Question: Who Sets the Prices?
Answer: Given that prices are constant with the non-POM money, that is a natural question. We are used to each owner deciding whether to accept or reject a price offered by a potential buyer for some item of his property. It is the price that determines whether the owner will receive any profit from the sale or not assuming that the other costs of providing this product are already known. Being able to decide about the prices one will accept as a seller is extremely important to property owners.
So my first answer will be unsatisfactory to most but please keep reading past that.
My first answer is that you don’t care who sets the prices. The price of a luxury item (and money can buy only luxury items, not goods or services designated "necessities" nor capital goods or services) is irrelevant to one’s reward for selling it. That is, one is not paid for producing a luxury nor capital nor necessities. One is paid for the net benefit that results from one’s actions.
We are not used to thinking that way. We are used to thinking of pay as being an exchange of service or property for money. But the new money doesn’t work that way at all. With the non-POM the only thing one ever gets paid for is net benefit. It isn’t the product nor the service that earns money, it is the benefit produced less the harm done. So what difference does the price of a luxury item make to the producer? None at all.
See, I told you that the first answer would be unsatisfying. 🙂
Let’s probe a little deeper. What person or group sets the prices? Well, it could be any person or group. But I think the most likely group would be the Payers. They have access to all the relevant information and they have a vested interest in having the price generate the most benefit for the consuming public. After all, if the public isn’t happy then the Payers can’t be happy either. Also, the Payers have access to any and all information that might be relevant. Finally, the Payers are unbiased since they can have neither money nor luxuries.
Next, let’s see what the basis should be for the price. The Payers want to maximize the rewards provided by money since those rewards are the source of the Payers’ power and importance. This gives the Payers an incentive to make the prices as low as possible so that a given amount of money will buy as many luxuries as possible. On the other hand, the lower the price, the less money the Payers will have available to credit the accounts of producers. It turns out that the optimum price from the Payers’ point of view is the cost of production. That is, the relative value of the materials and labor (skills and scarcity) required for the production of the item or service determines the price.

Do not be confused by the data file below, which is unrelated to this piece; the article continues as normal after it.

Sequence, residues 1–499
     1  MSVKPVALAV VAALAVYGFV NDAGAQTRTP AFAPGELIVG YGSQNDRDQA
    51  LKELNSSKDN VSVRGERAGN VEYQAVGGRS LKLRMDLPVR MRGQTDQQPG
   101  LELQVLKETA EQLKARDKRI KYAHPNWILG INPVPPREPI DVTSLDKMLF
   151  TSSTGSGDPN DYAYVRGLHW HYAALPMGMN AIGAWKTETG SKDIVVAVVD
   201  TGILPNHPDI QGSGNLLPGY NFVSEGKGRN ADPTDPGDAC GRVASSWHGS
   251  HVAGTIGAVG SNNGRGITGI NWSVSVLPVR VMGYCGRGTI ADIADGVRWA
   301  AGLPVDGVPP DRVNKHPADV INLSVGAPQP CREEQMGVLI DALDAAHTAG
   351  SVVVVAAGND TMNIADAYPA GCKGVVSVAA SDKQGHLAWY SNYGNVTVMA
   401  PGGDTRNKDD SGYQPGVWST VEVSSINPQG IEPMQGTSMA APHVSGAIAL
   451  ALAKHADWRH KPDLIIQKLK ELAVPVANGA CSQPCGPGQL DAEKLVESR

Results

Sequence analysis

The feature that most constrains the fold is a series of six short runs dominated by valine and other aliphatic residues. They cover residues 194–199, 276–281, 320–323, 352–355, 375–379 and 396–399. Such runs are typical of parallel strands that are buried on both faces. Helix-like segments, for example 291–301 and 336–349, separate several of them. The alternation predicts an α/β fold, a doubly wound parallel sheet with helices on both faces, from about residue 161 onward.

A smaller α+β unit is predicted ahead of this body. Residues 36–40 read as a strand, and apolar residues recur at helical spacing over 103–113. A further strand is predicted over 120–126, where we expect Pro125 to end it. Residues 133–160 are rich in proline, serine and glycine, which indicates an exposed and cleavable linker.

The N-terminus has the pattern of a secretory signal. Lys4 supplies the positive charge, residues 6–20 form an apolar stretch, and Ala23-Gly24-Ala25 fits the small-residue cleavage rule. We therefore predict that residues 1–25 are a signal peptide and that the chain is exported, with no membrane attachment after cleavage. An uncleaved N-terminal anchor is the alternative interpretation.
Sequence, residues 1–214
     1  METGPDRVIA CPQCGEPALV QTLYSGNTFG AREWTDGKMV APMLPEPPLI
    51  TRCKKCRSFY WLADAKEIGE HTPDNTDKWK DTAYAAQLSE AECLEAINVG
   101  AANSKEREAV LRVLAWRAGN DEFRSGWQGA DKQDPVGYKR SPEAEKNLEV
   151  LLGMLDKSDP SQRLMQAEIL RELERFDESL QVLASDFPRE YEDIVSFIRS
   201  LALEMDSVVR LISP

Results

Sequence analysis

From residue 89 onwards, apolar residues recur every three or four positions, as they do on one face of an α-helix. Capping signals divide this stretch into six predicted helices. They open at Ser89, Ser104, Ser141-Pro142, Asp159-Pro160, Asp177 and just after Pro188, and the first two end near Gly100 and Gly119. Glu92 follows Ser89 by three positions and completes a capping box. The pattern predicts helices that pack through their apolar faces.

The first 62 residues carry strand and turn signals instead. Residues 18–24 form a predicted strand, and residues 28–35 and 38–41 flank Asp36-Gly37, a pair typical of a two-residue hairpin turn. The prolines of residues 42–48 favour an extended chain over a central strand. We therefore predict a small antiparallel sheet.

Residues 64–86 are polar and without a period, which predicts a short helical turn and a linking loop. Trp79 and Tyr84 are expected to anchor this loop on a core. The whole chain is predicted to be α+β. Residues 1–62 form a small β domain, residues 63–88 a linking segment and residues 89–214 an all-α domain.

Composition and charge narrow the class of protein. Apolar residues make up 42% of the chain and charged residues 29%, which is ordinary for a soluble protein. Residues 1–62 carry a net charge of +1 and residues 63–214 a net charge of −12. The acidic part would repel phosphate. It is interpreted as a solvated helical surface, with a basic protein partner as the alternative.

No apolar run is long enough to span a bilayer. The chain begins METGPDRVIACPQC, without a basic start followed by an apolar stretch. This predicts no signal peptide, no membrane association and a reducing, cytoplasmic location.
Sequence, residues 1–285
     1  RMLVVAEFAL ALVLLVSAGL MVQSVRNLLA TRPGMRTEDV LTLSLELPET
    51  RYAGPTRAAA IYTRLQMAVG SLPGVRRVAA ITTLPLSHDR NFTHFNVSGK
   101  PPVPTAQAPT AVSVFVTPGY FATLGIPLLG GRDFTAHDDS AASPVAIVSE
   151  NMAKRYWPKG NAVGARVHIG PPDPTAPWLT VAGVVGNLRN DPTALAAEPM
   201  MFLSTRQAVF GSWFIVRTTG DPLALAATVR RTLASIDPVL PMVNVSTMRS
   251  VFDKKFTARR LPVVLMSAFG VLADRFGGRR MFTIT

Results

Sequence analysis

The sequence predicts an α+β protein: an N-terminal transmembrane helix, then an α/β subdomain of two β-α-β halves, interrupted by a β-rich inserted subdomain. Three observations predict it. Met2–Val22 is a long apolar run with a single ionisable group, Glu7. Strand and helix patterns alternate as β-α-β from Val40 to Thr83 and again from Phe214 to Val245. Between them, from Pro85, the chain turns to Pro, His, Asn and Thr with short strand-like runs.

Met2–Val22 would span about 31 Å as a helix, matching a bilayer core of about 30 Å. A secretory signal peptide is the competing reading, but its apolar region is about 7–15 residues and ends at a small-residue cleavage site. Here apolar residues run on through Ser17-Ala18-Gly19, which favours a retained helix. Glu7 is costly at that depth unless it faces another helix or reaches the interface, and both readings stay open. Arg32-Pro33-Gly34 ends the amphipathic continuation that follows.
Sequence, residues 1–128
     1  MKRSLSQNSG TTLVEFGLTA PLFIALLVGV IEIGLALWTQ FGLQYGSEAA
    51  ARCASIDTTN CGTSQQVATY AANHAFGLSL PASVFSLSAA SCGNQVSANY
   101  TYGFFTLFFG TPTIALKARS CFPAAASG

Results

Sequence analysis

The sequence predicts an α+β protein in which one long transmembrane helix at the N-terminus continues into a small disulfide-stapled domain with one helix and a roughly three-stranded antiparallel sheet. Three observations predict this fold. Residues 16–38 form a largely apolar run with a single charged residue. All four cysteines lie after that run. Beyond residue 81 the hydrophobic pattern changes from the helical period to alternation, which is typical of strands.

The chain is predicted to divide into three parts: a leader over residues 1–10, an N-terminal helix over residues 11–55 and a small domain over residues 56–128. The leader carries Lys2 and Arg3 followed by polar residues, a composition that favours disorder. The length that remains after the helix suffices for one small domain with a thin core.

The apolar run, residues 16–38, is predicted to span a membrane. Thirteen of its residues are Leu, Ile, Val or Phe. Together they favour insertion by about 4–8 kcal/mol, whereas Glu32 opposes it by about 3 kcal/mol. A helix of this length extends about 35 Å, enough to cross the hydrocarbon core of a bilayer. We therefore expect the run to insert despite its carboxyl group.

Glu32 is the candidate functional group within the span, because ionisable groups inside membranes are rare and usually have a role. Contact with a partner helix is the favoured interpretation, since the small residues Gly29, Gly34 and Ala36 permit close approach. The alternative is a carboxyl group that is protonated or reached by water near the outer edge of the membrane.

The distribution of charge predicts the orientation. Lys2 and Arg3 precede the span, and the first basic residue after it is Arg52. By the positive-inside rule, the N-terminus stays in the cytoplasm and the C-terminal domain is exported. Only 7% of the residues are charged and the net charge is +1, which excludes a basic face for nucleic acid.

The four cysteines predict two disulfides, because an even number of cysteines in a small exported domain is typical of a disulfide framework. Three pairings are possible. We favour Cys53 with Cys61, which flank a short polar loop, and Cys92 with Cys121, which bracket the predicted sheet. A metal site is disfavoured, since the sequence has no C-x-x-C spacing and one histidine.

Let’s say a luxury item costs $10 in resources to produce and the Payers set the price of the item at $50. The luxuries and the money supply are still in balance. But, this will decrease the consumption of this item in comparison with other luxury items. Therefore, producers in the society will get less pleasure from $10 of resources than they might otherwise. But if the Payers go to the other extreme and price the item at only $2 then there will be no net benefit from producing the item to pay its producers.
From the point of view of the producer, this is a good price since if it were higher then there would be fewer buyers. If the price were lower the producer would be paid less per unit. For the producer, the maximum pay comes when the price matches the costs of production.
From the point of view of the consumer, the higher price means that he cannot buy as many. The lower price means that the supply of the item will be reduced. Therefore the optimum price for the consumer is also the cost of production.
What about when the cost of production changes? Does that change the price? No it doesn’t. If the cost of resources increases then the producers are generating less net benefit and should produce less so their pay for that production goes down. That gets the message directly to the people who need to receive it, the producers. If the producers find some way to reduce the cost of production then they are the one’s who deserve rewards.
But all this is really not the most important aspect of prices because it refers only to the prices for luxury goods and services. We have not concerned ourselves with the free market aspect of the situation. The consumers buying luxuries is not a free market at all.
One free market is between the Payers and the producers. That free market has producers selling net benefits to the Payers. Every payer can pay every producer and every producer is selling the same product, benefits. This free market works exactly like any other free market.
The other free market has Payers selling satisfaction to consumers for social rewards. Any consumer can reward (or punish) any payer. This market is completely subjective but quite powerful nonetheless.